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Selfsim
2012-May-10, 07:31 AM
Ok, so the Exoplanet Characterisation Observatory (EChO) project is one of four, (out of 47), major ESA Missions shortlisted in Feb 2011, for further assessment and study (in their Medium Class Cosmic Vision program) ...

EChO would be the first dedicated mission (http://sci.esa.int/science-e/www/object/index.cfm?fobjectid=48467) to investigate exoplanetary atmospheres, addressing the suitability of those planets for life and placing our Solar System in context.It comes down to (http://sci.esa.int/science-e/www/area/index.cfm?fareaid=124) a sub 1 metre class telescope operating in the visible - thermal infrared (9.4 to 11 micron) range, to be placed in a quasi halo orbit around the second Sun-Earth Lagrange point (L2) - 1.5 million km from Earth..

The Cosmic Vison programme (http://sci.esa.int/science-e/www/object/index.cfm?fobjectid=38646) defines the high-level scientific questions which these candidate projects should be aimed at making progress towards:


Themes:
What are the conditions for planet formation and the emergence of life ?

A question that fascinates mankind is what was the succession of events after the Big Bang and the formation of stars and galaxies, and under which conditions, that led to the origin of life on Earth? Equally captivating is the question of whether life exists elsewhere in the Universe and, if so, in what forms, on which kind of planets and linked to which type of stars.
The flow-on primary mission goal is:

To characterise the atmospheres of nearby transiting exoplanets, including temperate super Earths ...
EChO will measure atmospheric transmission, reflection and emission spectra over a continuous wavelength range that spans the optical to thermal infrared. Through the detailed measurement of the spectral energy distribution and spectral emission from molecules such as water (H2O), carbon monoxide (CO), carbon dioxide (CO2), methane (CH4) and ammonia (NH3) it will be possible to establish many critical atmospheric parameters, including chemical composition and abundances, energy budgets, thermal structure and potentially temporal and spatial variation of atmospheric structure.Ok, so in other words, exo-gas 'biomarkers'.

So, putting aside the planetary formation research goals (which as far as I'm concerned, aren't an issue), the only way I can see how this project can lead towards providing hard data in answer to the ESA Cosmic Vision ‘Life emergence’ component theme question (see above), is for there to be simultaneously, local planetary exploration aimed at discovering another instance of life in our Solar System.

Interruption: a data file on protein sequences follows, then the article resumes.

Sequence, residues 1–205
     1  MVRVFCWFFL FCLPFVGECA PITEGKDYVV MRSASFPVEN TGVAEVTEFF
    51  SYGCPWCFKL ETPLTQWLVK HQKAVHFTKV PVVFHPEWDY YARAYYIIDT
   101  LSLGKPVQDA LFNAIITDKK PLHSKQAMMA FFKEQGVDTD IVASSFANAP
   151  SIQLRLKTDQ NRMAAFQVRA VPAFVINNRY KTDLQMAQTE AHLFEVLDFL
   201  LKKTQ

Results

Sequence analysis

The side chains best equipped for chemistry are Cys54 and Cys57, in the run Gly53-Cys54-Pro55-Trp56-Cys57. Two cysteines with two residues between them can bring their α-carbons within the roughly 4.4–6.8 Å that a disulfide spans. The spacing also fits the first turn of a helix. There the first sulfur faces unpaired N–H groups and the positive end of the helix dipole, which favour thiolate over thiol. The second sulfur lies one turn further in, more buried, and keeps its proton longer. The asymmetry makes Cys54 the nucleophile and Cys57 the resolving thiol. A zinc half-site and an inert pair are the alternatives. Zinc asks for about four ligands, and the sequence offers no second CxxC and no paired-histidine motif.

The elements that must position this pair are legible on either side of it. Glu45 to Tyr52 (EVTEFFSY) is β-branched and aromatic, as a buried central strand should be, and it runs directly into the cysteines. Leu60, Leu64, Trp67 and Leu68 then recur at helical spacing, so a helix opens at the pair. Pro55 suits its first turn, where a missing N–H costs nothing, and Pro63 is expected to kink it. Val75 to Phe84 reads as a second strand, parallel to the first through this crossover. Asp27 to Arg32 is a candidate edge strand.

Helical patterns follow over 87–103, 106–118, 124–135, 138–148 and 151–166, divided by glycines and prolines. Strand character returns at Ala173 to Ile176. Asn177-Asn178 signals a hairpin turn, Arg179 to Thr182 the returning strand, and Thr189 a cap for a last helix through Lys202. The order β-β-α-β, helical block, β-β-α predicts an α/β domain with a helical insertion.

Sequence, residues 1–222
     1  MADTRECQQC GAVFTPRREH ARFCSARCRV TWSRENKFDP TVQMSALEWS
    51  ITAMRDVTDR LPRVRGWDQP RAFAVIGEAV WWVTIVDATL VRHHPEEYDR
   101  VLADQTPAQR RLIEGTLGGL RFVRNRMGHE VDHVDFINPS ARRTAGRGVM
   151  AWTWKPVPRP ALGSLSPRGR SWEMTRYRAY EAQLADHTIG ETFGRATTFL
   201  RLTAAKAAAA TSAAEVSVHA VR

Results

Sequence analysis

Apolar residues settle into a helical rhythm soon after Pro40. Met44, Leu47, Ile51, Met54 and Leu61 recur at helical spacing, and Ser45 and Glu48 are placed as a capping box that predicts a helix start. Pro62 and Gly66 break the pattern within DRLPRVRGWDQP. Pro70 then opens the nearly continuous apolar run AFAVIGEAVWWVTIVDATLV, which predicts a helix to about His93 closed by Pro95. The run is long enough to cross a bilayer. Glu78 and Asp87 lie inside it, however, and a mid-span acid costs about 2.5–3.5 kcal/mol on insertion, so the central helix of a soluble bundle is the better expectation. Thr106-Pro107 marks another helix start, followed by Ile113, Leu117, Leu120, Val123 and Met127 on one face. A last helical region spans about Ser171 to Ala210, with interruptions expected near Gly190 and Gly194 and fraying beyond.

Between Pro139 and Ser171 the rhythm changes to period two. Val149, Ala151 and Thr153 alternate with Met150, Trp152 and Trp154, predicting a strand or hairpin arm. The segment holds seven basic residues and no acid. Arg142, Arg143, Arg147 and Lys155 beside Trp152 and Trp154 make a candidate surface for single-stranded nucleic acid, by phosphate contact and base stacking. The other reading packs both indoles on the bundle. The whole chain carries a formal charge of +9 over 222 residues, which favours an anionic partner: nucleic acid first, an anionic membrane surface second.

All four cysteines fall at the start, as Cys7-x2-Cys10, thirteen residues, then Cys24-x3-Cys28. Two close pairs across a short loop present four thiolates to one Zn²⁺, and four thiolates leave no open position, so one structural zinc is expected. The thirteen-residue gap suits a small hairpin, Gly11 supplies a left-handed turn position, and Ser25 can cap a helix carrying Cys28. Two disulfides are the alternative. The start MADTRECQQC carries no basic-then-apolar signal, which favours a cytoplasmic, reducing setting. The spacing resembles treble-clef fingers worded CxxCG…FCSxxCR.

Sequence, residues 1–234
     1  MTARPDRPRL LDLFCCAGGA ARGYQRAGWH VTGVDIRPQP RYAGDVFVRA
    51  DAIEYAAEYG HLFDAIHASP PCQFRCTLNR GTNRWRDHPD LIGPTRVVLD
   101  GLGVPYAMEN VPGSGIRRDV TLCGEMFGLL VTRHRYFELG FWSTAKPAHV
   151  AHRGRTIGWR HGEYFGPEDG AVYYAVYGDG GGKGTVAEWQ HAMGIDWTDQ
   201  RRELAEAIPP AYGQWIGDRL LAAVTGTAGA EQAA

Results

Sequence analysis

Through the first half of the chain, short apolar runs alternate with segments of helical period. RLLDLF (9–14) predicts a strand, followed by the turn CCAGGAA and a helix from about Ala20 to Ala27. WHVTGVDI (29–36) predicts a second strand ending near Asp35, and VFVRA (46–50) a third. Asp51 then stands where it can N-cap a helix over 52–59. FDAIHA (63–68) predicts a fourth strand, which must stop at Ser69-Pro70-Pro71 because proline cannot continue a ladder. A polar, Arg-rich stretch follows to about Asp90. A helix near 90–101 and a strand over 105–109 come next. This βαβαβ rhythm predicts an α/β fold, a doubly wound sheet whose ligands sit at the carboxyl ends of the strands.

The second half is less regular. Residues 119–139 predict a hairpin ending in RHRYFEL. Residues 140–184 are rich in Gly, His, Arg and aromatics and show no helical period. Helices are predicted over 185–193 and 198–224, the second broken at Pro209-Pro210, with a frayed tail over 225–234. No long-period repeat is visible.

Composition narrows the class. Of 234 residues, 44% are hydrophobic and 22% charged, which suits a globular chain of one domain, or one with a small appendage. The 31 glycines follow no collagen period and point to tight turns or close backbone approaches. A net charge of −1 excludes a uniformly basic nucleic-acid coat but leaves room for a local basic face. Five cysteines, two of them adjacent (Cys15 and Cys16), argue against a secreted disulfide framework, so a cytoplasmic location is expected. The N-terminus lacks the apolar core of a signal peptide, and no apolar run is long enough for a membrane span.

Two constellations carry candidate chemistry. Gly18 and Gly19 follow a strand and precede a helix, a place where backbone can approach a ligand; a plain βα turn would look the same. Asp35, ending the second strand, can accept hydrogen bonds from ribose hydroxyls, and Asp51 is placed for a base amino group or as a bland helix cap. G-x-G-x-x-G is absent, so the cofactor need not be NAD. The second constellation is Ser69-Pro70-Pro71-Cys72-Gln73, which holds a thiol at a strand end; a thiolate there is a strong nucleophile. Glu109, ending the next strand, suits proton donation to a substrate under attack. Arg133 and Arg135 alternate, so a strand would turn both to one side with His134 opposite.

And, lo and behold, item 1.3 Life and habitability in the Solar System covers it:

Goal
Explore in situ the surface and subsurface of solid bodies in the Solar System most likely to host – or have hosted – lifeThe JUICE mission which targets the localised exploration Jovian moons, in particular Ganymede, Europa and Callisto, was recently selected for the purpose (albeit a much larger mission, in a different category than EChO).

So, the noteworthy point is that the EChO mission requires the data from direct exploration missions, in order for the EChO data to be interpretable in the context of exo-life presence/absence). Without it, the EChO data can only support more speculative hypotheses.

If the exploration mission, (in this case, JUICE), doesn’t go ahead for some reason, then I don’t see how the EChO data can be constrained sufficiently to support any meaningful exo-life conclusions.

This seems to be exactly the situation NASA finds itself in at the moment !

Regards

Paul Wally
2012-May-10, 09:29 PM
So, putting aside the planetary formation research goals (which as far as I'm concerned, aren't an issue),

Why is planetary formation not an issue for you?


If the exploration mission, (in this case, JUICE), doesn’t go ahead for some reason, then I don’t see how the EChO data can be constrained sufficiently to support any meaningful exo-life conclusions.

I don't think it's the data that must be constrained. It's the range of possible conclusions that must be constrained, but that can always happen if/when new discoveries are made in the future.

Selfsim
2012-May-10, 10:12 PM
So, putting aside the planetary formation research goals (which as far as I'm concerned, aren't an issue),


Why is planetary formation not an issue for you?By way of clarification, what I mean is that astronomical observational data contributes directly towards planetary formation theory. Such theory development is corroborated every time new instances are directly observed, thus resulting in a verified, incrementally progressive, evidence-based formation theory.

This is distinct from attempts at imagining a generalised exo-life theory from the same observations. Generalised exo-life so theorised, can only be inferred and not verified, over light-year distances. A second life instance is fundamentally a different phenomenon from an exo-planet instance.


I don't think it's the data that must be constrained. It's the range of possible conclusions that must be constrained, but that can always happen if/when new discoveries are made in the future.Fair enough.
And the new discoveries to be made in the future, (applicable in this instance), would be facilitated by exploration of our local environment … these are necessary, in order for interpreting exo-gas data, gathered from light-year distant exo-atmospheres.

Regards

Romanus
2012-May-12, 02:15 PM
I disagree for a couple of reasons:

1.) JUICE and EChO will be investigating two different kinds of bodies; Jovian moon analogues are not what we're looking for as promising extrasolar environments. A "super-Europa" around another star will--with the quality of data available in only the near-future--look like a featureless ice-ball. Ditto for a Titan analogue; we'll see a very cold body with a methane signature (IIRC, diatomic nitrogen is difficult to detect spectroscopically). It's kind of like saying that we need to study the Moon more fully to interpret other satellites in the Solar System; this is fine for old, unaltered bodies, but not so much for Io, Europa, Titan, Enceladus, etc.